Many company directors dread their company going into administration, however, if the process is managed correctly, it can work in the organisation’s favour and may even allow it to trade its way back to solvency.
Administration is a procedure designed to give an entity breathing space, with a view to either a rescue or a restructure or to allow for a better outcome for all creditors than a liquidation.
Under the Insolvency Act 1986, administration is designed to achieve the following in order of preference:
An administrator can be appointed by the company itself, a qualifying company charge holder or by the court.
The administrator is a licensed insolvency practitioner who is appointed to act over the company. In carrying out their role, the administrator acts for all creditors, not just the entity that appointed them. They are an officer of the court, whether appointed by the court or otherwise.
If a company is solvent, then a director has a duty to act in the best interests of its shareholders, ensuring the organisation grows and makes a profit. However, if a company falls into administration, a director has a duty to act in the best interests of the business’s creditors.
The administrator will examine the company accounts and decide whether or not the company has the resource and support to continue trading. If it does not, then a buyer will be sought.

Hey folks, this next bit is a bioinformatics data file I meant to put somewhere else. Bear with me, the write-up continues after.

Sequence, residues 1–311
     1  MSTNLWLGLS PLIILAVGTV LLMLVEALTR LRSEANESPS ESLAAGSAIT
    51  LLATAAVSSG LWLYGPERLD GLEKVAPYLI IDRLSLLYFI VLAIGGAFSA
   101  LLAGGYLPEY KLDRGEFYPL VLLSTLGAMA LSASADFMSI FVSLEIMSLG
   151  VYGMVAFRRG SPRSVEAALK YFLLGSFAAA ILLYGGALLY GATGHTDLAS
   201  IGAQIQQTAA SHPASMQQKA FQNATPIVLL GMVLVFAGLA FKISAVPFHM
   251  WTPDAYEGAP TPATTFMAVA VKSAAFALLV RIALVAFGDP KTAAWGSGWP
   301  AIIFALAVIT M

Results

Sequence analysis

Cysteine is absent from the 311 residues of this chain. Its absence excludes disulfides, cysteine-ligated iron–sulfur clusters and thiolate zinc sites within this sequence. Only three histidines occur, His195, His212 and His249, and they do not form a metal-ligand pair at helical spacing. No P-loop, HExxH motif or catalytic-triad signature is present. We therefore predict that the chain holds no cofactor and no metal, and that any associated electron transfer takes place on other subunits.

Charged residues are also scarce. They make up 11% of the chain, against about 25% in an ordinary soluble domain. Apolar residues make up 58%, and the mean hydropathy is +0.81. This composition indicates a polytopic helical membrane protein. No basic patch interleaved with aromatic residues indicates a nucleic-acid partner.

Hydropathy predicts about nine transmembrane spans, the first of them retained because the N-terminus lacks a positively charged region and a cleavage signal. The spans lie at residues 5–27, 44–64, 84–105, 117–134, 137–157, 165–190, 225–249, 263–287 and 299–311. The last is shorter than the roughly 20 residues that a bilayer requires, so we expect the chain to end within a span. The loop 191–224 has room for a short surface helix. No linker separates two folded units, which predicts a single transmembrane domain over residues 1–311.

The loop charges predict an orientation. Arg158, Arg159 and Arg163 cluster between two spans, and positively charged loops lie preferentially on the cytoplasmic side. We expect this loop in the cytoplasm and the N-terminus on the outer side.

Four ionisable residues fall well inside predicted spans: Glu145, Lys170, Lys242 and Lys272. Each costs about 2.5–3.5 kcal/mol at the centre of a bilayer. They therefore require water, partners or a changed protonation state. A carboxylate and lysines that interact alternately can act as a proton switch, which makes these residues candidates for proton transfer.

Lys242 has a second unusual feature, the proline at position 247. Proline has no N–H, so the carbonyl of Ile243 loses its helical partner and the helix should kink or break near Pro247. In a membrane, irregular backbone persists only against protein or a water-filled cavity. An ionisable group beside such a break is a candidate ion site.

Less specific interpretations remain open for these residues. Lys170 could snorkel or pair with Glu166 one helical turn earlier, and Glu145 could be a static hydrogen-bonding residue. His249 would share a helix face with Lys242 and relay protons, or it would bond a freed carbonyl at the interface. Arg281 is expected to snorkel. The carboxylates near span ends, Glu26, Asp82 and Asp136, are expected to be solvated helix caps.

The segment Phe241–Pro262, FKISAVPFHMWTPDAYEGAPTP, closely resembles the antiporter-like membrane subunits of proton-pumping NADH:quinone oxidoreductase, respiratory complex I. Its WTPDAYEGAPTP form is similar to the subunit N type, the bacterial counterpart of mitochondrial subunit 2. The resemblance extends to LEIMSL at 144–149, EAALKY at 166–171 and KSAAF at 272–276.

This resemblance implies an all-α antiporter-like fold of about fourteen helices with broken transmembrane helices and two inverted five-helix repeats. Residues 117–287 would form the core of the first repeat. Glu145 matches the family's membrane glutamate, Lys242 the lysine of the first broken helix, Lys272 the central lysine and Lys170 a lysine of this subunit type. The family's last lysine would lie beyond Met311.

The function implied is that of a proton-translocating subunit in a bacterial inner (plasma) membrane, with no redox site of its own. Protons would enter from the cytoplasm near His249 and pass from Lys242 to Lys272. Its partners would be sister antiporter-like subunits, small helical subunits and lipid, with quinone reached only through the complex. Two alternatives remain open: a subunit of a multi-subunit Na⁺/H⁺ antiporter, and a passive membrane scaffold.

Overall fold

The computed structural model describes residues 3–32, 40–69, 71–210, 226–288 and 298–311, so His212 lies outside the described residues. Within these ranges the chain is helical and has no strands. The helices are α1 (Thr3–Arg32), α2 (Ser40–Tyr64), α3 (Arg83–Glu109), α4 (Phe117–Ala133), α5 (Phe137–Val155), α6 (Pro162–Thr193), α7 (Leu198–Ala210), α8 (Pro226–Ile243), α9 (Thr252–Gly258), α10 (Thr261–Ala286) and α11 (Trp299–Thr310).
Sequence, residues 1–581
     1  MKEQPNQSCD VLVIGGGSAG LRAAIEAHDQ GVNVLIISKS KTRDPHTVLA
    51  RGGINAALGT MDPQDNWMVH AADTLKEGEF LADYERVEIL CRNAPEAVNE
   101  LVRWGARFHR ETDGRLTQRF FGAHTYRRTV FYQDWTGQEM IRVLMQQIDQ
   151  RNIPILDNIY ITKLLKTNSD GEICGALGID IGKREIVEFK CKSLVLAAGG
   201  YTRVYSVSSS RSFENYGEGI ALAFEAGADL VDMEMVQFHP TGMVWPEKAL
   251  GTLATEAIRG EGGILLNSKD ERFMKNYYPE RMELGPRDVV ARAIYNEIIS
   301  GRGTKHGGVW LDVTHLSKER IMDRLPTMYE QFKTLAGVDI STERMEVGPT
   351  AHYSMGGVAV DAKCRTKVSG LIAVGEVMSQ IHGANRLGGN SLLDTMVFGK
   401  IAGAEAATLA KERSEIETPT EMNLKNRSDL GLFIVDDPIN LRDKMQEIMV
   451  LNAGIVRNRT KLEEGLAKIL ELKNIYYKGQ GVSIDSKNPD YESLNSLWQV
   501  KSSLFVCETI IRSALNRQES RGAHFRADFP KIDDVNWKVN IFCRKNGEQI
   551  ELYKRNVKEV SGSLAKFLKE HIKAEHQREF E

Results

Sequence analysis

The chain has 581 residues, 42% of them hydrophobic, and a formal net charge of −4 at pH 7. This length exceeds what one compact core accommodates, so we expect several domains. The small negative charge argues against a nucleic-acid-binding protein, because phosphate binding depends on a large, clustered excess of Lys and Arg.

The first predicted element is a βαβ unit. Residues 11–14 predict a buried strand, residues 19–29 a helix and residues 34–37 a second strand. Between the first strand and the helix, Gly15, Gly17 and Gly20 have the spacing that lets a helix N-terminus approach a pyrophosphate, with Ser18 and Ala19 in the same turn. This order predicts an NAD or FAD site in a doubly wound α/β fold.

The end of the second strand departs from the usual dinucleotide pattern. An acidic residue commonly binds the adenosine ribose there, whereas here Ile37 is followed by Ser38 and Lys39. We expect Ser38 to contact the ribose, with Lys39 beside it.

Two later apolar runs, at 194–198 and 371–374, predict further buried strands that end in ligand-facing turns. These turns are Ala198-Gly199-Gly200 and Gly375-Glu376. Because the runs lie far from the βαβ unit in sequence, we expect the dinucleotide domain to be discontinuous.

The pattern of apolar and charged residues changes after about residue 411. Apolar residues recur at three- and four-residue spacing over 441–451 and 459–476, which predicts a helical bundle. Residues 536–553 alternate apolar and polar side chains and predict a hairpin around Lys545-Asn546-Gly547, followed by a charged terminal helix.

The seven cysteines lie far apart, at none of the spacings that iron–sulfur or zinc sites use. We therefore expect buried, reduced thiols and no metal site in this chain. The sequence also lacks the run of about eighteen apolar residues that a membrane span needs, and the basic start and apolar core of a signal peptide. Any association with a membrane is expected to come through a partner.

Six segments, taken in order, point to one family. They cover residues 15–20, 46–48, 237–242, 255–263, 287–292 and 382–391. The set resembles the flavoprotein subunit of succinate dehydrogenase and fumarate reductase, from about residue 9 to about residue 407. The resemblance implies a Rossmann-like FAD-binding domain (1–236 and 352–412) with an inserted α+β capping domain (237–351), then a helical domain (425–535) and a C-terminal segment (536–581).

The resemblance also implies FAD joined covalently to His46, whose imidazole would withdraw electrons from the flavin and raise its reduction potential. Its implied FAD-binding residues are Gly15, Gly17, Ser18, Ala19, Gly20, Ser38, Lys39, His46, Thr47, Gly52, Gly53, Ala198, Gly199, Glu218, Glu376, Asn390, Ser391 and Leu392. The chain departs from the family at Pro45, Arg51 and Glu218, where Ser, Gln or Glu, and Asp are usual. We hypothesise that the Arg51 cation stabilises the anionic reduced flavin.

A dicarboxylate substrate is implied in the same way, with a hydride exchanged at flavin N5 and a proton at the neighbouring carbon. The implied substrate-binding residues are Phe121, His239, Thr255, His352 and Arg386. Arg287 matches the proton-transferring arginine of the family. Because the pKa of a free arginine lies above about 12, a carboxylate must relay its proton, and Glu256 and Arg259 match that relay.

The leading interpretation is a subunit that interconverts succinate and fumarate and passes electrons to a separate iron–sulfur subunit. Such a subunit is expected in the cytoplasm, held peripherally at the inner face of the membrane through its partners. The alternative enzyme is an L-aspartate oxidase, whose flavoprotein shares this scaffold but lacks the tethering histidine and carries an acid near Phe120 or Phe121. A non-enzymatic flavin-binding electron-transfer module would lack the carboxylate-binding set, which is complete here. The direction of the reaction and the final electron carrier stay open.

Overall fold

The administrator will take over the day to day running of the business.
One of the most compelling reasons for putting a company into administration is to take advantage of the moratorium. This gives a company breathing space to effect a rescue or restructure without having to deal immediately with creditor pressure. The moratorium takes effect once the administration order comes into effect, and provides a pause on insolvency proceedings and other legal processes. There is also an interim moratorium (which has the same effect as the full moratorium) on the issuing/filing of the original administration application. It also provides for the dismissal of pending winding-up petitions in most circumstances, and the dismissal of an existing administrator or administrative receivership.
There are several ways in which an administration can come to an end, depending on the specific circumstances of the administration, however, the starting point is that an administration should not last longer than 12 months, and the administration will come to an automatic end at the end of 12 months unless another exit route is taken.
One exit route commonly used is to place the company into liquidation. This would usually be appropriate if there are assets available for distribution to creditors.
Other routes can include moving into a CVA, or move straight to dissolving the company.
If you have questions about company administration or other forms of insolvency, an experienced solicitor will be able to advise you.
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